Risks when starting a new business


As a Sole Trader you are open to litigation. So you will need to cover any risks your business is likely to experience




Risks to a new business

The benefits to you opening a business are clear, unlike an employee there is no cap on your salary. You can earn unlimited amounts if you generate the sales however there are many possible risks to starting a business too. This could be from losing the money you invest to being sued for damage or loss suffered from your customers.
There is always the possibility of events happening outside your control. This could be from flooding to a change in law that directly effects the sale of your products. To make sure you have a handle on all your risks it’s always worthwhile carrying out two analyses. These will give you a good overview of your business. SWOT, Strengths, weaknesses, Opportunities, Threats and PEST, Political, Economic, Social, Technological.

SWOT Analysis PEST Analysis


Some businesses have a lot more risks than others even in the same industry. Underwater photographer versus wedding photographer similarly, shop window cleaner versus high rise window cleaner. It’s important to be practical when summing up the possible risks to your business and remembering that it’s an ongoing process.

The first place risk has to be assessed is in the type of business structure you choose. Sole traders are personally held liable for any unpaid debt and any legal bills if sued. Whereas Company owners can walk away from large debts by winding up their company.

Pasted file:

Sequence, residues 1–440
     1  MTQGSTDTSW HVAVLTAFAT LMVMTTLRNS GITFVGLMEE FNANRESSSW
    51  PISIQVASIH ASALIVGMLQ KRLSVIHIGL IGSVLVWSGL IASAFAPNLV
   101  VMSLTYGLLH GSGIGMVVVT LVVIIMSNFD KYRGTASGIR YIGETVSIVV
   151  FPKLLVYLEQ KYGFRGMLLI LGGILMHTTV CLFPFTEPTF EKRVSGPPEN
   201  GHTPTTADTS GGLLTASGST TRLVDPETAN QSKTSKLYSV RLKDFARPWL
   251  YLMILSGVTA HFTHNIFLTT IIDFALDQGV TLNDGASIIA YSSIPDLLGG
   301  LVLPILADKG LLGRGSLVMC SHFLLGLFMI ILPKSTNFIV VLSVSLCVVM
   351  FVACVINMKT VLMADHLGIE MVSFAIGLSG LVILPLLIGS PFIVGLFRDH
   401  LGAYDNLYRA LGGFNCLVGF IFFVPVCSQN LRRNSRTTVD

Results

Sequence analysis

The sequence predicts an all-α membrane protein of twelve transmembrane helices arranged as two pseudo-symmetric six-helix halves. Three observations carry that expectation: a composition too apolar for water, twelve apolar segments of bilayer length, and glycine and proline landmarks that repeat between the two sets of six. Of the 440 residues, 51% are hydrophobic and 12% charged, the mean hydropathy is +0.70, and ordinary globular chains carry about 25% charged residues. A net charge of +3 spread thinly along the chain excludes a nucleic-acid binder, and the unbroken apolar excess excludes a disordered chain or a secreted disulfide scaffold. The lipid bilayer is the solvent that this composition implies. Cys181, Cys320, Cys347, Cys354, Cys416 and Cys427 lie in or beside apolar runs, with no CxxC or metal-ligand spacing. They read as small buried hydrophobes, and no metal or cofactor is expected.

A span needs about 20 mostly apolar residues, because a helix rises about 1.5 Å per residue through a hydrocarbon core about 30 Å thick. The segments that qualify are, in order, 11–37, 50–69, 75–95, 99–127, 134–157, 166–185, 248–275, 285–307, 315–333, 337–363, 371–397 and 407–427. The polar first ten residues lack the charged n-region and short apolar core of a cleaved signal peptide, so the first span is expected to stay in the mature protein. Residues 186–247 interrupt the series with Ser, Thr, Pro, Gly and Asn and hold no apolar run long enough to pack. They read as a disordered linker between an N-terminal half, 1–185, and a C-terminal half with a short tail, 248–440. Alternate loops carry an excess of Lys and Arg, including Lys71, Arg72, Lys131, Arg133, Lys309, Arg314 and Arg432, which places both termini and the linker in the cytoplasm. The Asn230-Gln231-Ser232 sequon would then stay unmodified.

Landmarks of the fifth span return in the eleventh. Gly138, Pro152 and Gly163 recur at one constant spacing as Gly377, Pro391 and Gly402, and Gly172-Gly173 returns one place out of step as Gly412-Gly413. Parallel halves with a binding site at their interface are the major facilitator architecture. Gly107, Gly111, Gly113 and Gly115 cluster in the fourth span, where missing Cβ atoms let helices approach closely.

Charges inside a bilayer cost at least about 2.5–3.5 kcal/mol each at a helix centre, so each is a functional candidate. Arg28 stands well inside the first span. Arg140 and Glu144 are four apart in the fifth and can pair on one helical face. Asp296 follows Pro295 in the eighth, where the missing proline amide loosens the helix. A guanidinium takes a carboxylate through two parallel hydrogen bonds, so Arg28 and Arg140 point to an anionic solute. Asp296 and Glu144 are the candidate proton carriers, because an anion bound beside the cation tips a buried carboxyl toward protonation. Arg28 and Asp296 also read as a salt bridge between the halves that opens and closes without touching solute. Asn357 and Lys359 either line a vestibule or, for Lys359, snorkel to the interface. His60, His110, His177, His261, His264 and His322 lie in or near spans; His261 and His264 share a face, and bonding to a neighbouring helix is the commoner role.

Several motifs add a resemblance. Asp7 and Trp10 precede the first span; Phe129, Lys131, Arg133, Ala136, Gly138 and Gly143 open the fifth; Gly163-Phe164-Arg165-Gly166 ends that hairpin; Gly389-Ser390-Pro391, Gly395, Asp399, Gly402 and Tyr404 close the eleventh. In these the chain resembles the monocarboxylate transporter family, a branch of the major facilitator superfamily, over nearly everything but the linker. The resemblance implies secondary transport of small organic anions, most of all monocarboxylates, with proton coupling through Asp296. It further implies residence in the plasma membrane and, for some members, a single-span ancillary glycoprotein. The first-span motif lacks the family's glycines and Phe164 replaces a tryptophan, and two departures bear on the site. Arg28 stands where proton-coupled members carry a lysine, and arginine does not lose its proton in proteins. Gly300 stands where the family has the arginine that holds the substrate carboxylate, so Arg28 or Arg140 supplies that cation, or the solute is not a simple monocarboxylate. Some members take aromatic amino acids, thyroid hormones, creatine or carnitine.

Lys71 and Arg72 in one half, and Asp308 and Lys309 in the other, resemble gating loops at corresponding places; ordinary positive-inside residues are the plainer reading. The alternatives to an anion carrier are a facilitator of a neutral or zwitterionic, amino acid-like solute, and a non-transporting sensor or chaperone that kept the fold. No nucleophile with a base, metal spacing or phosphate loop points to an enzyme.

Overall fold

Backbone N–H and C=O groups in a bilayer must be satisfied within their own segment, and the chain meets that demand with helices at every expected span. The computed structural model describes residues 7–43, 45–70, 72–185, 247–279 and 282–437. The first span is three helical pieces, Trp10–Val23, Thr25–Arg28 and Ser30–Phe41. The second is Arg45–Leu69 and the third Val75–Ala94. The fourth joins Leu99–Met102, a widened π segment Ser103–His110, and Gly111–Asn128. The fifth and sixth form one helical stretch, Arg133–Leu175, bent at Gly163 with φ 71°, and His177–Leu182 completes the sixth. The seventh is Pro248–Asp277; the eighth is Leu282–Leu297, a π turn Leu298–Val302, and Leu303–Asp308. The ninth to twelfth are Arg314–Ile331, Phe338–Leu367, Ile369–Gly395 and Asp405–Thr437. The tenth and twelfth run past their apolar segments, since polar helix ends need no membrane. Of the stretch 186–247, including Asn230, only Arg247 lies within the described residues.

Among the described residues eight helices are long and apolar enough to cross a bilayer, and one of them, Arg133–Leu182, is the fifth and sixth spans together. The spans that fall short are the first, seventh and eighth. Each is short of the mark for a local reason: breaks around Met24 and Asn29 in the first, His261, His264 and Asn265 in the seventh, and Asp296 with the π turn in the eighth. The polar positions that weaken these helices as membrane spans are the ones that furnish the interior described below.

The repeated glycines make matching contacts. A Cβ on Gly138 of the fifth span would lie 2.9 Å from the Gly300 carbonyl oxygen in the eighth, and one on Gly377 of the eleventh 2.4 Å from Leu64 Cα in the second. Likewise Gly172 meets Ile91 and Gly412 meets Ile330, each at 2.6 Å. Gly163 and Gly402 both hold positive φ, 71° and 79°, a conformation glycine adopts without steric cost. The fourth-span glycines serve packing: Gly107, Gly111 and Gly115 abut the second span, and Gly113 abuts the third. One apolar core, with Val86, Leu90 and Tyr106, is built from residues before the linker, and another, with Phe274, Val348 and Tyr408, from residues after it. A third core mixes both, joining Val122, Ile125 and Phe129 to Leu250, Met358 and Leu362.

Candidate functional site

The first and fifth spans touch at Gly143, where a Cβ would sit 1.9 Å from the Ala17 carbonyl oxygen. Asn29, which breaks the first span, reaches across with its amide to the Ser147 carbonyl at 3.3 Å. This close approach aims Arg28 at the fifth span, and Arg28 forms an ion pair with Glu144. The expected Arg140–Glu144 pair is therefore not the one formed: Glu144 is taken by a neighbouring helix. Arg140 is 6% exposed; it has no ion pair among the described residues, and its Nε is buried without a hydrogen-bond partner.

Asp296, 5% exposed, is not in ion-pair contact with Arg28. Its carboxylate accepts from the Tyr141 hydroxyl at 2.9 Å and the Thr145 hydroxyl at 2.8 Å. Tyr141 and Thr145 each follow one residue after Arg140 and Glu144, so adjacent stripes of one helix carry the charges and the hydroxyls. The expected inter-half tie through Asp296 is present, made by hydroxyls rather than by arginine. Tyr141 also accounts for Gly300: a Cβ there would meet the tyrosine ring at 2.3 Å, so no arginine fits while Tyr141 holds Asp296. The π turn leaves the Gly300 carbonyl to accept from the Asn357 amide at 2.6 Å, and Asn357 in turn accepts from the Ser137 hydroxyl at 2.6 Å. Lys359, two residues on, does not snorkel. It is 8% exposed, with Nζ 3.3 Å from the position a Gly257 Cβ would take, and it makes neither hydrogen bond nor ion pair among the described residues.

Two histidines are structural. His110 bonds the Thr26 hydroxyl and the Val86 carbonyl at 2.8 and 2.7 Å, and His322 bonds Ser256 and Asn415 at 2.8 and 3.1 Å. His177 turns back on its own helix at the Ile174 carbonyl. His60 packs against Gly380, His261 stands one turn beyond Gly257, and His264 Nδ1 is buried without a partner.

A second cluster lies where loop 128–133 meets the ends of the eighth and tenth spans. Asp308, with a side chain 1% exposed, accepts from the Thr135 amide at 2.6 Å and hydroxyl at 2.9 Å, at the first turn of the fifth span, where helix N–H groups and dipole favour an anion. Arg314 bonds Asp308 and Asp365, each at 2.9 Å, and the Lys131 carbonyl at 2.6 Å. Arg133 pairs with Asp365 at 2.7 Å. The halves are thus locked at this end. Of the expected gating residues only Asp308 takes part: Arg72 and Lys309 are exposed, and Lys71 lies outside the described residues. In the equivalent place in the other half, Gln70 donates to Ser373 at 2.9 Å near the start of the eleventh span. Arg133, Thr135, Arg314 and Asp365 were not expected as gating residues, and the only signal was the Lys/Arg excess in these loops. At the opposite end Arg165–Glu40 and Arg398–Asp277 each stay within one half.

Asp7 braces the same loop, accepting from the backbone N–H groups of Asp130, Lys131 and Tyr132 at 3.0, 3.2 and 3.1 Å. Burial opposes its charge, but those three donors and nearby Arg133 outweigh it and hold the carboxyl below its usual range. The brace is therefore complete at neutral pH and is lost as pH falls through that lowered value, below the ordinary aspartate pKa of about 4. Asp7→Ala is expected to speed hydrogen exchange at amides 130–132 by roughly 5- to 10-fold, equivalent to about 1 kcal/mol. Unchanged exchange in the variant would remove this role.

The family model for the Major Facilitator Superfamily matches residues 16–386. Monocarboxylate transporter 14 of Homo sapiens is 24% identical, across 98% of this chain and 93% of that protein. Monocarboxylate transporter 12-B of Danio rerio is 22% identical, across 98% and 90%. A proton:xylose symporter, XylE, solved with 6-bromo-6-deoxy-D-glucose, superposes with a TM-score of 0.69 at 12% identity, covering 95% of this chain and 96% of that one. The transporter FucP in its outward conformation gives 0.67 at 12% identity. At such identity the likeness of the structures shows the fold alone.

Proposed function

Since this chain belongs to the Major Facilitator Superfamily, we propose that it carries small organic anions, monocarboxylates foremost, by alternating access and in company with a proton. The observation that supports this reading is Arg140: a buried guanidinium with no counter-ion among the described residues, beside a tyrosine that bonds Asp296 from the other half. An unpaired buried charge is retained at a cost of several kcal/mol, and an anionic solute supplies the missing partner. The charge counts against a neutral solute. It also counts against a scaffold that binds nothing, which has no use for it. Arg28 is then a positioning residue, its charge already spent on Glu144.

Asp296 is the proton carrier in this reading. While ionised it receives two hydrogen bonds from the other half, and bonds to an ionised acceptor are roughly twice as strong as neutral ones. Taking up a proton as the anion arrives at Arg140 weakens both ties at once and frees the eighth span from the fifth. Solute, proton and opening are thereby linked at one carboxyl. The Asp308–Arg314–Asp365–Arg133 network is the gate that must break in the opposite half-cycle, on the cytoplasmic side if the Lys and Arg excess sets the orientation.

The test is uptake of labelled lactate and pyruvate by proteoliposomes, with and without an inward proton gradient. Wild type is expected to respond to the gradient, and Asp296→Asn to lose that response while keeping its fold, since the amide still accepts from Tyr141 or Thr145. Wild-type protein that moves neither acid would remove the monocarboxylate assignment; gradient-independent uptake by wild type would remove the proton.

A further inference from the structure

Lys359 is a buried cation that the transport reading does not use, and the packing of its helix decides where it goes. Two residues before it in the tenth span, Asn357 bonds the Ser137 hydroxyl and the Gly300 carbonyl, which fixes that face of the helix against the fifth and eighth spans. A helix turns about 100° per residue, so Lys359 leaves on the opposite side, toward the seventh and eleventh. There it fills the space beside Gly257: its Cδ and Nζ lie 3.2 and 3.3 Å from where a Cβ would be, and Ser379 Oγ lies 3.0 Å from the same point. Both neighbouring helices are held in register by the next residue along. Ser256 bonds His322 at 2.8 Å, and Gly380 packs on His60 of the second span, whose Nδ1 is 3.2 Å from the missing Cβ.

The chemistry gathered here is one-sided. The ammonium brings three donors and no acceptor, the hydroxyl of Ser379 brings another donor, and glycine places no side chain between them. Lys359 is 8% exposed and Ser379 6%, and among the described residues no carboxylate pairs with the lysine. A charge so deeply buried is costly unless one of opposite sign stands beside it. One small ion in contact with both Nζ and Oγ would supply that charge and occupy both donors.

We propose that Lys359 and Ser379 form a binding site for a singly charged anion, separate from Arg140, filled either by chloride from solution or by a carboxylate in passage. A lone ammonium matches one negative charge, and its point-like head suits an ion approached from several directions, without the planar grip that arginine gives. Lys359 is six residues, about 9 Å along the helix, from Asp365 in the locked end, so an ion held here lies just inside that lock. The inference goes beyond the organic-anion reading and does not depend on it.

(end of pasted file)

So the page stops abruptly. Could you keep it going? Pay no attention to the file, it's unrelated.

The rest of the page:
Company verses Sole trader

There is no legal need to form a company over starting up as a sole trader. The decision should be based on risk. There is a lot ‘Red tape’ involved in setting up a limited company. Tax returns are more expensive as you will need to employ a Chartered accountant. You will have to pay corporate tax on company profits of 12.5%. As well as income tax on any salary you take from the business at the same rate as a sole trader.

Some other risks may arise regarding when your longer in business. If you hire staff will they be as safety conscience as you?. If your business starts to turnover high profits and business loans are more than you could personally pay back. At that stage it would be wise to change from sole trader to a limited company. Most risks to new start-ups can be covered by insurance but the decision is entirely up to you.

Business Insurance cover

  • Public Liability, if you have a premises this covers any physical harm that your customers might come to.
  • Product Liability, in case your product injures your customers.
  • Professional Indemnity, for someone suffering financial loss because of your professional advice.
  • Goods in transit, Covers expensive goods or equipment in transit.
  • Office Insurance.
  • Home Insurance.

Do not rely solely on an insurance broker to advise you on your possible future risks to litigation. It is their business to sell you a policy.

Health & Safety

Health and Safety


You are required by law to produce a Health & safety statement. This is simply where you take a look at your business and note where the possible health risks or hazards are. You can be helped on this by ‘www.besmart.ie’ follow their guide and one will be automatically done by the end.

If your business deals with food then your premises and the people handling will have to be HACCP certified. You will find courses for certification through Google.